It has sprung, in the Sonoran Desert.

This last week, the acacias started blooming.  For me, that’s always the mark of springtime.

Here in the Sonoran Desert, the three major flowering trees are the sweet acacia, the palo verde, and the ironwood.  They bloom in that order:  sweet acacias in late February or early March, palo verdes in March-April or so, and ironwoods in late April or early May, usually.  Acacia blooms are dark orangey-yellow little ½” puffballs, and have a very distinct, cloying, powerful scent.  Palo verde blooms are usually (depending on the variety) bright, bright yellow, blanketing the entire tree with delicate flowers.  Ironwoods are more subtle, a very light lavender color, among the grey-green leaves.  Neither palo verdes nor ironwoods have much scent.

acacia farnesiana

acacia farnesiana, seed pod and bloom

I cannot stand the scent of the acacia.  Ugh.  When I was a kid, my mom took my sibs and I, weekly, to the Phoenix Library.  Each branch of the library is named after a native plant.  We usually went to the Acacia Library.  In the springtime, I remember taking a giant gulp of air while still in the car, then sprinting up the acacia-lined path to the entrance while holding my breath, to avoid smelling the nearly unavoidable fragrance.

The palo verdes to be found around the Phoenix area are typically either the Blue Palo Verde, parkinsonia florida (which is NOT native to Florida), or the Mexican Palo Verde, parkinsonia aculeata.

parkinsonia florida bloom, close-up (beautiful!)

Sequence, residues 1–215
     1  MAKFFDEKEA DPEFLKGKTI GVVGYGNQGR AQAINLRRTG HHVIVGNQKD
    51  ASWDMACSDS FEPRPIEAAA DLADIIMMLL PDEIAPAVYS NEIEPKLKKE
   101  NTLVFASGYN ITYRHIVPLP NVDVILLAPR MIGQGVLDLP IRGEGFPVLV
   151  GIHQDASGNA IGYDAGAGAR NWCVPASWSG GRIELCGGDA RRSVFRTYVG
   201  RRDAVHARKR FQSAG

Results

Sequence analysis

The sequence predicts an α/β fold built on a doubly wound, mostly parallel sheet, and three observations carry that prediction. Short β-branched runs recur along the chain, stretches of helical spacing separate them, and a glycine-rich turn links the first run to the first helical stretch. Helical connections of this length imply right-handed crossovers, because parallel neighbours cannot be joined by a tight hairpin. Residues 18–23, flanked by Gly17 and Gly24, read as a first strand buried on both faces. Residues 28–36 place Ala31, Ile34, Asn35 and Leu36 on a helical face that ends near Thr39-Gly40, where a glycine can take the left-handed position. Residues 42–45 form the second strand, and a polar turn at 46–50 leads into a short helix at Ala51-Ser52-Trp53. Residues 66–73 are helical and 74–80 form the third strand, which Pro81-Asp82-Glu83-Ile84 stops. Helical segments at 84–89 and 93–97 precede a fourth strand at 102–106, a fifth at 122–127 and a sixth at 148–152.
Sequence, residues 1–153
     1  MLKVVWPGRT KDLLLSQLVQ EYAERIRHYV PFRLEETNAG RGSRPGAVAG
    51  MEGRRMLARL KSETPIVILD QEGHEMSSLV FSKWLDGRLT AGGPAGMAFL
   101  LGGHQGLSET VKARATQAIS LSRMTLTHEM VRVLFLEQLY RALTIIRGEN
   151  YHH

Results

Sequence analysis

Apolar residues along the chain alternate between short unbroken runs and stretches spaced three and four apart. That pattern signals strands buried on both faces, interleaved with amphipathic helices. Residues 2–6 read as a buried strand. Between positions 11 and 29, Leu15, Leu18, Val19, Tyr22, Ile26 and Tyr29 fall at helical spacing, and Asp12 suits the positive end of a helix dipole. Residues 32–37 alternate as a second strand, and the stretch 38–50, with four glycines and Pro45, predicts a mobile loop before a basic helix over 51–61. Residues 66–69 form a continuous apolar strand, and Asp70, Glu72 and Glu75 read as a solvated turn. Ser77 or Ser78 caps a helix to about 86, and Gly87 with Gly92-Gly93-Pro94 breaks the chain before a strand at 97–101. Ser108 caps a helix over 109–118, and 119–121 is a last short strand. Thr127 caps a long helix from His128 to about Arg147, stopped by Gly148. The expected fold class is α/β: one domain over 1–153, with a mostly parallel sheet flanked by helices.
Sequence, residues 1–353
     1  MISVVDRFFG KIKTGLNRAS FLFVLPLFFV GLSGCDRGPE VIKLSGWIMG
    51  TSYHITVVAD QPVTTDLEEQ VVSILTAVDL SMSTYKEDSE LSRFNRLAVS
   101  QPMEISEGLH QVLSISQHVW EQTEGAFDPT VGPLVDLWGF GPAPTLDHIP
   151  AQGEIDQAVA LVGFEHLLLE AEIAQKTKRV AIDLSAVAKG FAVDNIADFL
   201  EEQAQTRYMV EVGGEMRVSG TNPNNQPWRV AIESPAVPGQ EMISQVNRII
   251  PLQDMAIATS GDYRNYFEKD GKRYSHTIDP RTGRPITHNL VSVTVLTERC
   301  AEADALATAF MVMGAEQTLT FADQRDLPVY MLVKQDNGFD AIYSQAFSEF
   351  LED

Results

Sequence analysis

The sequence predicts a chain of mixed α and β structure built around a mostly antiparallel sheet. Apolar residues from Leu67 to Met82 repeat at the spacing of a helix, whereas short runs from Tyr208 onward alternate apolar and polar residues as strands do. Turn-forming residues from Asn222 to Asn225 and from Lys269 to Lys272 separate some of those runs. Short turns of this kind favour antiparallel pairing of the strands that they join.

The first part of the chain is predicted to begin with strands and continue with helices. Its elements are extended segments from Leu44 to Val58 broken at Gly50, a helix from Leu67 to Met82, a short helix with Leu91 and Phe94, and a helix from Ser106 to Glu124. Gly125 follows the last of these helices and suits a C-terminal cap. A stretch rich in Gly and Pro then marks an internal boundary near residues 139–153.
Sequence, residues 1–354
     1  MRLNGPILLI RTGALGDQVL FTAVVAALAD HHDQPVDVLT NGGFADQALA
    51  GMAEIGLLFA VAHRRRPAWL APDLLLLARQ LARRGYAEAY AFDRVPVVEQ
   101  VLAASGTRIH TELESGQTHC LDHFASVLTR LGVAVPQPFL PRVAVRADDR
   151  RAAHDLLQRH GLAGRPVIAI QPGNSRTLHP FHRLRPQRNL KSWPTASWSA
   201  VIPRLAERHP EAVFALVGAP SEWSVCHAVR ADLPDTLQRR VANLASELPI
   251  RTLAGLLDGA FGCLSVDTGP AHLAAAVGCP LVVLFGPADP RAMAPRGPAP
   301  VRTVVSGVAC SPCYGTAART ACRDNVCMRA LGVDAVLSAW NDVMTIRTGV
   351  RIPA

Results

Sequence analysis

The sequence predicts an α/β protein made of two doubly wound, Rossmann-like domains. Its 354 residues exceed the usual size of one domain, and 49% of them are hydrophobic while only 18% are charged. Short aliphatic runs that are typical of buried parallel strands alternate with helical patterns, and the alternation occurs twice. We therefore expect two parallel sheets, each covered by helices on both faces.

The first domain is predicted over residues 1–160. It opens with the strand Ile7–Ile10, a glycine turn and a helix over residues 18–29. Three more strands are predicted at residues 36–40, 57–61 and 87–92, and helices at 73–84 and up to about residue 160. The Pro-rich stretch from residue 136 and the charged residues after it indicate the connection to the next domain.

parkinsonia florida

I didn’t know until now that the palo verde is an invasive species in many places, worldwide, especially Australia.  I was about to post something preachy about landscaping with only native species, but remembered that, while my front yard has only native plants, my backyard has several non-natives, including the Australian tipu tree.


My fave desert tree is, by far, the desert ironwood, olneya tesota.  Part of it is just because I like purple;  so many native plants around here bloom yellow and only yellow.  Part of its appeal is just because I like the shape of the tree.  And, I think it’s cool that the wood is so beautiful, often burled and two-toned,  not that I think one should go around chopping down ironwood trees.  The wood is so dense that it will sink in water.

A couple of years ago, I looked into visiting the Ironwood Forest National Monument, established by Clinton only days before he left office.  There wasn’t much info on it, especially on the hiking trails I sought, so I called the Tucson field office of the BLM, which administers it.  Well, it turns out that the Ironwood National Monument is a MAJOR illegal immigration corridor, and I was vehemently advised to stay away, especially as I had small children.  Golly.  The field officer blamed the situation Clinton, who had established the monument, but had given no funds for its development or protection.  Hm.  I still want to go, but maybe we’ll wait a few years.

About Karen Joy

I'm a partially-homeschooling mother of six -- 3 boys ages 19, 17 and 15 years old, and three girls: 11, 8, and 3. I like birding, reading, writing, organic gardening, singing, playing guitar, hiking, the outdoors, and books. I very casually lead a very large group of homeschooling families in the Phoenix area. I have a dear hubby who designs homes for a local home builder and who is the worship pastor of our church. I live in the desert, which I used to hate, but now appreciate.

Posted on March 18, 2011, in Arizona, Hiking, Library, Life in the Desert, Loving Nature!, Memories. Bookmark the permalink. Leave a comment.

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